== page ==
Ray Bradbury, one of the greatest fantasists and science-fiction authors of the 20th-century, and arguably one of the greatest short story writers ever, has died. He was 91 years old. I can't say I was a scholar of the man's work, nor even someone deeply familiar with it. I loved Fahrenheit 451 and Something Wicked This Way Comes, as so many others did, and I read dozens of his short stories over the years (above them all, I think "The Veldt", a strange, subtle story of insidiously realistic horror, has stayed with me the longest)--but the fact is the man was so prolific, for so long, that any casual reader like myself can only be said to have scratched the surface. So I really don't have anything to say, except to note his passing, mourn it, remember his legacy...and, perhaps, add one small anecdote to the millions that will no doubt soon begin to poor forth.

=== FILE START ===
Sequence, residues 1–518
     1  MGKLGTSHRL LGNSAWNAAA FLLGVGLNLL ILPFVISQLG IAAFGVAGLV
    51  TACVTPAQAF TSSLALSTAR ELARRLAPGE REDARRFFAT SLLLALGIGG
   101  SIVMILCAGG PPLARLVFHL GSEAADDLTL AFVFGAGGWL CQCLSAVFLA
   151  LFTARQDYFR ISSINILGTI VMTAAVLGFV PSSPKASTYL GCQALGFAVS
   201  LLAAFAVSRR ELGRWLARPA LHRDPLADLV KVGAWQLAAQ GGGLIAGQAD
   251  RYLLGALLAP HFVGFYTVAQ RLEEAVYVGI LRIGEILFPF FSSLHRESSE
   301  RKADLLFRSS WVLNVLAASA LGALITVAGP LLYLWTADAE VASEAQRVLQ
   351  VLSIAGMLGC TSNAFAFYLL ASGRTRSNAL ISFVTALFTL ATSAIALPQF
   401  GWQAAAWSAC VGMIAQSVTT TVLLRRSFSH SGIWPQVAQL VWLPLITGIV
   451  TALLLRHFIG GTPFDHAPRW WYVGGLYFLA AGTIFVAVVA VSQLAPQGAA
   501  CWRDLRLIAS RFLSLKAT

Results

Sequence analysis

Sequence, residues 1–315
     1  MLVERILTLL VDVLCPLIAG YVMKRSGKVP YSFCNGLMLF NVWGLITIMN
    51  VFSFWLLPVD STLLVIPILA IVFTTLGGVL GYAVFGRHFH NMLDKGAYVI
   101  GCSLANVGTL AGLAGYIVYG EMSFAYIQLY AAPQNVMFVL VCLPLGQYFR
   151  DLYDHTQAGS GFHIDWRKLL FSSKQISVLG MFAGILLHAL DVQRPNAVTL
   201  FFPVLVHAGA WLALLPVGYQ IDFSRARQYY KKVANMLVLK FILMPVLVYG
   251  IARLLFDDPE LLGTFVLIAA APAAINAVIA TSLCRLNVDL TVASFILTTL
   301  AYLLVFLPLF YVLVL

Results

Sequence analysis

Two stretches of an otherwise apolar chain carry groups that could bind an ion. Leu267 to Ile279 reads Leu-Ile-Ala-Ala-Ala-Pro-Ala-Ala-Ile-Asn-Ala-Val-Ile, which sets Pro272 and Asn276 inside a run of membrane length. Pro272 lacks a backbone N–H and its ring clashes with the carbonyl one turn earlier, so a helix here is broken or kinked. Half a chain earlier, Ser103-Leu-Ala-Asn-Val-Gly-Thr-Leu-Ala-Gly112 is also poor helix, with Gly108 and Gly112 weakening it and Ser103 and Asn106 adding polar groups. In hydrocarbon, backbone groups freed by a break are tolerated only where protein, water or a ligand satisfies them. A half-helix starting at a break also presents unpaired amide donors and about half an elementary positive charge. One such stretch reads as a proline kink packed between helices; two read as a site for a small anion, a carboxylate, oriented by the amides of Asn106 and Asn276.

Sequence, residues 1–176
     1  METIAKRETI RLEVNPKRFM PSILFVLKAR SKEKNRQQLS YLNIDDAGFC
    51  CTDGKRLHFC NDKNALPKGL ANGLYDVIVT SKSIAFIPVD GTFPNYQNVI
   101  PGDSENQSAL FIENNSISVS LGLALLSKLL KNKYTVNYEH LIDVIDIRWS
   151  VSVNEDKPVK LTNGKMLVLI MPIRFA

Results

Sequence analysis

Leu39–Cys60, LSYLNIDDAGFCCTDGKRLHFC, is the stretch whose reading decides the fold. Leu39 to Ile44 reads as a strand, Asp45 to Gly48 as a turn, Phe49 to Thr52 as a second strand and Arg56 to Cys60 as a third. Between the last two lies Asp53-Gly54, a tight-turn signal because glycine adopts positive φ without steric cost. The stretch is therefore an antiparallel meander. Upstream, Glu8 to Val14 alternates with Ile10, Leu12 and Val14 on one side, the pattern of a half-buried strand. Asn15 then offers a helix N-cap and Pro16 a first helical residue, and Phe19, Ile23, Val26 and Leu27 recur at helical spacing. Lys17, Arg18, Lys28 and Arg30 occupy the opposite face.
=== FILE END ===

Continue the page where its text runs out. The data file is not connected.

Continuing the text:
Sometime in the 1987-1988 school year (I'd have to take the time to search on the internet to remember exactly when), Ray Bradbury visited Brigham Young University, to give an campus-wide address. I was a freshman that year, and had fortunately fallen in with a few choice other geeks; together, we staked out some seats near the stage, so I very nearly had a front row seat. His speech was, no doubt, a stock presentation which he regularly gave to university audiences, but we ate it up all the same: his celebration of the imagination, his endorsement of dissent and independence, his occasional curse words (which he immediately, though surely insincerely, apologized for; perhaps as a consequence, when the whole audience and everyone on the rostrum rose to applaud him at the end of his speech, our university president stayed conspicuously in his seat, politely clapping). He finished up with a wonderful tale, which I only later realized was an off-the-cuff abbreviation of a then-new short story of his, recently published in Playboy (which would explain why a good Mormon geek like myself had missed it). It was "The Toynbee Convector", a wonderful tale of a man who claims to have invented a space-traveling time machine, and had traveled to the future and returned to report that humanity had, within the coming century, been able to invent marvelous new machines, clean up the environment, resolve social problems, and basically create a utopia. This obviously inspires the human population, filling them with delight and confidence. And it just so happens that the utopia comes to pass, and in a hundred years the world is at peace and healthy and happy. And when the population of the world a century later gathers to await the orbit over the Earth of the time machine from the past, to celebrate this great turning point in their existence, and at the appointed time nothing appears, a reporter asks the now very elderly time traveler what must have happened, the scientist only smiles and says "I lied," before peacefully passing away.